Marc Marquez shows maturity to extend MotoGP lead

By Steve ParrishBBC motorcycling commentator
Marc Marquez during his second place in Sepang that leaves him 43 points clear in the MotoGP series

Dani Pedrosa took his third win of the season here in Sepang but the real race was for second between Marc Marquez and Jorge Lorenzo.

They were clashing and bumping and shoving a fair bit which was enthralling. One of them could easily have fallen off but they didn't, and Marquez in the end managed to pull away to extend his championship lead to 43 points with three races left.

If he gets seven points more than Lorenzo in Australia next week then the championship will be his, in his first season in MotoGP, which will be exceptional to win so early.

Marquez has spiced up the championship and lifted the game more than I could have believed.

He seems to take more risks than most of the other guys and he's great to watch - we all love him.

He's on the edge of everything, his tyres, his elbows and his knees - he just is the fastest guy on the track at the moment, he's chasing a championship and trying to be careful but he doesn't really know the meaning of the word.

But considering he's a young fearless rider that charges and wants to win everything, today was a very good sign that he's looking to get a championship wrapped up and he definitely showed a mature side.

I think he looked at the gap between himself and Pedrosa, realised the sort of risks he was going to have to take to win and sat back and sorted it all out. It was a very mature ride from a very young man. You expect mistakes from a rookie, yet he seems to be making very few.

It's hard to make comparisons through different eras because we've had so many greats over the years, going back to Mike Hailwood from the UK, Barry Sheene, Mick Doohan and Valentino Rossi, whose nickname is goat - Greatest Of All Time.

Realistically, Marc Marquez has done more in his first year than any of the other greats, in the way he has won more races, accumulated more points, had more pole positions, more fastest laps. His record up until now surpasses anybody I've ever witnessed.

He's very unorthodox, he hangs off the side of the bike more than anybody we've ever seen.

Highlights: Pedrosa wins in Malaysia

Some of the older stalwarts said his style would never work in this class, that it might be all right in the smaller classes but he would have to change his style.

Well, it has been completely the opposite, we're seeing more and more riders taking up his style, fitting elbow pads and copying him.

He's changed the style; tyres and motorcyles change but he seems to have adapted a style that works and I don't think he needs to change it in any way.

What's going to happen now, because he has proved he is going to be Honda's number one rider this season and almost certainly next season, is that Honda will build a bike that suits him.

When he came into the championship this year he really adopted a bike that was built around Casey Stoner, so Marquez will now have a Honda built to his specifications.

It has been great to analyse Marquez with all the modern technology we have at the BBC now. The high motion cameras are fantastic and it's great to capture what's actually happening underneath the rider, the way he distributes his weight, the lean angles they get, all the parts of the body that are rubbing, it is sensational to watch.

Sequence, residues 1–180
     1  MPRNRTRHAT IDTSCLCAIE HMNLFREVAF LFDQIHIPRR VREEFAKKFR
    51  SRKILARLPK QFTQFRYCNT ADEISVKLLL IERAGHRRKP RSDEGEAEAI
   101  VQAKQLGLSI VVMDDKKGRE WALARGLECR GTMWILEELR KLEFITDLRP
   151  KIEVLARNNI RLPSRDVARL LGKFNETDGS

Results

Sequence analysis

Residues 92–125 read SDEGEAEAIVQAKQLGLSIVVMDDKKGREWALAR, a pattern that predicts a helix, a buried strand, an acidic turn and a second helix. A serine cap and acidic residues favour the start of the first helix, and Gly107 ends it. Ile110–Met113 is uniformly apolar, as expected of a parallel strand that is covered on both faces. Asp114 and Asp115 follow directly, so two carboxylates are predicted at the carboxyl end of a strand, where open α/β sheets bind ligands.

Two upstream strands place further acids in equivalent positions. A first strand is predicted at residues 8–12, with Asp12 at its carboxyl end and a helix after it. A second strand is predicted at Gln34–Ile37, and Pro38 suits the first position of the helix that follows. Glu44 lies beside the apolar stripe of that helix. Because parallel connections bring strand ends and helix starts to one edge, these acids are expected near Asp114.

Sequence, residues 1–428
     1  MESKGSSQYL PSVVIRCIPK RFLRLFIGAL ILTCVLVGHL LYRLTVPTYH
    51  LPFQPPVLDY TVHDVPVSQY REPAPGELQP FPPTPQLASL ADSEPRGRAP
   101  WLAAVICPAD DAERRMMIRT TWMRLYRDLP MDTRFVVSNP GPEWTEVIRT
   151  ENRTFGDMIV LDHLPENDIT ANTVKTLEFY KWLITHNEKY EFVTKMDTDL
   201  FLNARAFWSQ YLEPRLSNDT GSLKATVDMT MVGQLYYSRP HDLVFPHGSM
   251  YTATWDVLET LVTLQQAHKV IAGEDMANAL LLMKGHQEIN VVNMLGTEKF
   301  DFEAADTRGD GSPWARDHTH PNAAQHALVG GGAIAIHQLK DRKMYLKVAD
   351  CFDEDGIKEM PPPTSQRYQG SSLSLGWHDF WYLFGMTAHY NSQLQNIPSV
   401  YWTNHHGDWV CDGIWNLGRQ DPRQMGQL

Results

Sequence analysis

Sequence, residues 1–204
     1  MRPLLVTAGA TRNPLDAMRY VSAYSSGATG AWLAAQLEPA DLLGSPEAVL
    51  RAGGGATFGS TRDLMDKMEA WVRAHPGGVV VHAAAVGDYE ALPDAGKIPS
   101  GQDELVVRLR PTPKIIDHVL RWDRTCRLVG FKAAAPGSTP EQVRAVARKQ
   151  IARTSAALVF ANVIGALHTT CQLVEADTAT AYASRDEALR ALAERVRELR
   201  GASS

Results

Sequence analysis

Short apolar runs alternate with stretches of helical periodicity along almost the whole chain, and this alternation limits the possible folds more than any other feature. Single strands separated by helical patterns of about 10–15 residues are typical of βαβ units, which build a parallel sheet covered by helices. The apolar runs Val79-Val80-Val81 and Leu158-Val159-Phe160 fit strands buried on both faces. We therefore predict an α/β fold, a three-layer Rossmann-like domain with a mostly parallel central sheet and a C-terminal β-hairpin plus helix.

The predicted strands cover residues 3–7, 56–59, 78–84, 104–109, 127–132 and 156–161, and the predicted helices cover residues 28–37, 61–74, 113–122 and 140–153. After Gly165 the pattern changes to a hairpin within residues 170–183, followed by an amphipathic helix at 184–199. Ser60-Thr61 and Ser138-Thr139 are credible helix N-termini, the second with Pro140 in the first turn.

The engineers learn information from these cameras that they never had in the past and can put that to good use.

Lorenzo's third place leaves him only 11 points ahead of Pedrosa and the defending champion is going to have to lick his wounds.

The Yamaha isn't the best package now. They've been giving him a few updates but it looks to me that the Honda is the faster bike. It has two great riders but if you put Lorenzo on a Honda he'd be right at the front battling for wins.

At the moment he's got to work with the team, the engineers and all the development people and try to come back stronger next year.

He hasn't really put a foot wrong this year, the big problem was he broke his collarbone on two occasions in two weeks. But he would be the Roger Federer of the sport. He's very efficient, has a very smooth style, never looks flustered and gives it 100% the whole time, but 100% at the moment isn't enough.

I did think it would be him or Pedrosa that would win the championship through consistency because I couldn't believe a young 20-year-old in his first season could be a solid as Marquez has been.

It's not impossible that Pedrosa could take second place, he's got the smell of blood now and in theory Marquez, although there's not a lot of love lost, could let Pedrosa through if he was leading and Pedrosa was second.

But Marquez is disliked by all of them because he's the new kid on the block, they all think he's a young lunatic!

British rider Cal Crutchlow was sixth and stays fifth in the standings. He had a solid ride, he's still got the sore arm he's had from Silverstone which needs an operation, but he got beaten by a better motorcycle, not a better rider.

And in the Moto2, Scott Redding had a tough weekend. He was 38 points clear at one stage this season but he finished seventh and his lead is down to nine now. He's a big lad and lost out on a lot of speed here on the long straights.

The circuit in Australia next week could be much better for him and I expect him to be much nearer the front but then we go back to Japan where it's about speed again, so he has to make hay at Phillip Island while he can.

Steve was talking to BBC Sport's Jamie Lillywhite